Health Tech Overlooks How Patients Hate Going to the Doctor

While digital health is becoming very popular for companies to invest in, there is something that is being overlooked that could prove costly down the road.  The issue at hand is the relationship that exists between the doctor and their patient as advice given by the physician is being ignored.  Considering that many patients hate going to the doctor, digital health companies need to be aware that they may be creating more of a separation between the care provider and the patient instead of being less.

Digital Health Limited in Helping Users Who are Already Sick

Recently, writer Christina Farr from CNBC took a look at a flaw that has been overlooked by health technology, which is that patients despise going to the doctor.  Since technology continues to advance at a steady pace, companies have seen that digital health is an industry that is worth investing in.

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The first quarter of 2018 has seen $1.6 billion dollars in venture capital raised by companies alone, while other companies such as Amazon, Apple and Alphabet are jumping in with their own devices and apps designed to track a user’s health.  While it may be true that these companies are improving on their abilities to take populations of people and screen for health issues before becoming a serious medical issue, they appear to struggle with assisting those patients that have greater medical needs.

Experts in the medical field are saying that those users who are at high risk or are already sick cannot be helped much by digital health as a lot of these companies will not diagnose an illness due to regulatory reasons.  Even if sensors and algorithms pick up strong signals that a problem exists, the result is a suggestion to see their doctor. 

Such is the case with smartwatches from Fitbit and Apple, where sensors can detect problems like atrial fibrillation, a heart rhythm disorder, and sleep apnea, a sleep breathing problem; yet, the best that they can do is recommend patients to seek medical care.  There is one major flaw in offering this advice; patients detest going to see a doctor.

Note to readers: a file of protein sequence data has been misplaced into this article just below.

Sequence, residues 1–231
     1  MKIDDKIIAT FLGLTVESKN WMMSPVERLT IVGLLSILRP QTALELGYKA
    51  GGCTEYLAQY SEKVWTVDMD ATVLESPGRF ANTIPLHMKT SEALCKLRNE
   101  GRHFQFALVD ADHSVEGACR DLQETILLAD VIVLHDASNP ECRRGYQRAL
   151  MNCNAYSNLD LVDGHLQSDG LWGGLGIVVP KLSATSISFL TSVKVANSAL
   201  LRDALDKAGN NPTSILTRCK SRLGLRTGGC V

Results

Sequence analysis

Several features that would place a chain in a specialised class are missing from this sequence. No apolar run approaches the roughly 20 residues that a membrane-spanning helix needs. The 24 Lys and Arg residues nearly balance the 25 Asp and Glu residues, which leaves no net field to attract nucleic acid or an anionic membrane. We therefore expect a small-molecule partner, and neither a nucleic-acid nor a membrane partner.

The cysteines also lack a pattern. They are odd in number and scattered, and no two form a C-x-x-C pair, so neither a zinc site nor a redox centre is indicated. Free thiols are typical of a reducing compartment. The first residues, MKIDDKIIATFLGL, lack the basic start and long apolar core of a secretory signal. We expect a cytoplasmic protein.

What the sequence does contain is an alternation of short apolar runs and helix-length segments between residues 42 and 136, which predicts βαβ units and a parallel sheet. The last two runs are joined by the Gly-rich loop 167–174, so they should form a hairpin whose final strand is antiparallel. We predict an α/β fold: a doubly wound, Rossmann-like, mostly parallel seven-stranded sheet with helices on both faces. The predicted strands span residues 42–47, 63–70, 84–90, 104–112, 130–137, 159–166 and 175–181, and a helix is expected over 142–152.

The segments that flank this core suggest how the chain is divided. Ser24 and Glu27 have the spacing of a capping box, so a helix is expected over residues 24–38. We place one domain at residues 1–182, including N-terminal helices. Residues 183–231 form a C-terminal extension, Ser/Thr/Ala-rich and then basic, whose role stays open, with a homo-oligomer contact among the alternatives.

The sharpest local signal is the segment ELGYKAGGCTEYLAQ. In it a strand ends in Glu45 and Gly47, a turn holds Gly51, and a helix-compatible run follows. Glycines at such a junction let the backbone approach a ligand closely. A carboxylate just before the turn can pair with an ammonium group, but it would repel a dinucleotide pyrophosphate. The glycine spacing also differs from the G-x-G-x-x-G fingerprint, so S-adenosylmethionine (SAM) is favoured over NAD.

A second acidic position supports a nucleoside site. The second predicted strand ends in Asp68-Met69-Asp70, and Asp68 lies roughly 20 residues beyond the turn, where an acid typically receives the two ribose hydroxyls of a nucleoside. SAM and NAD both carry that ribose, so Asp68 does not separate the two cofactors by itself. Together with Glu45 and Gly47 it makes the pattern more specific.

Overcoming the Patient/Doctor Visit

The heart of the matter is that multiple studies have revealed that a majority of patients avoid going to a doctor because of the high cost or the experience is not a desirable one.  One possible solution would be for digital companies to form a partnership with providers that offers services within hospitals and clinics that results in a pleasant experience for the patient.

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Jeffrey Wessler, a cardiology fellow at Columbia University Medical Center and the founder of the digital health company known as Heartbeat, said “all the things done well by digital health—they’re simple, fun, visual with great user experience—are still missing from most clinical visits—so it remains pretty unpleasant to be a patient.  To me, this gap gets closed by bringing the clinical experience up to the same standards as our digital health solutions.”

This suggests that digital health companies should find ways to get inside hospitals or clinics either through new products or a partnership instead of focusing outside the health experience.  Wessler is attempting this through Heartbeat by leveraging digital health solutions that already exists but also attempting to rethink the experience of in-person primary care that assists those at risk for heart disease.

Fortunately, others within the medical sector agree that this serious issue must be addressed, such as Joel Dudley, who is the director of the Institute for Next Generation at Mount Sinai.  One favorable solution would be to utilize telemedicine, or virtual doctor visits, within the patient experience which would allow patients to have a consultation through a video or phone call.  This would also assure digital health companies that a user has at least consulted a medical expert instead of ignoring the situation.

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Another benefit of digital health services and apps would be for doctors having the ability to improve the patient experience rather than dreading or trying to avoid their next appointment.  Dudley said that if this doctor/patient gap fails to be closed, he fears that digital health solutions will really just create more separation between patient and care provider.

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